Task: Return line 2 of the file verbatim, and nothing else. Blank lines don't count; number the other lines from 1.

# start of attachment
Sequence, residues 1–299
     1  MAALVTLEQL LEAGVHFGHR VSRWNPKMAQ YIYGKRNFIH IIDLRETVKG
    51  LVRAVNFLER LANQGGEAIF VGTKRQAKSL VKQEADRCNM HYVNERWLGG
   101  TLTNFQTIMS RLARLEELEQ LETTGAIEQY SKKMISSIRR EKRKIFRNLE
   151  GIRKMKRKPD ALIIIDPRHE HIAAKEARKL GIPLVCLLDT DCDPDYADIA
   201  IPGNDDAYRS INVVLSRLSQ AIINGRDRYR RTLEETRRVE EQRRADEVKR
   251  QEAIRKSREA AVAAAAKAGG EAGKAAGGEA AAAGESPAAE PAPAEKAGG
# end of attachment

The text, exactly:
     1  MAALVTLEQL LEAGVHFGHR VSRWNPKMAQ YIYGKRNFIH IIDLRETVKG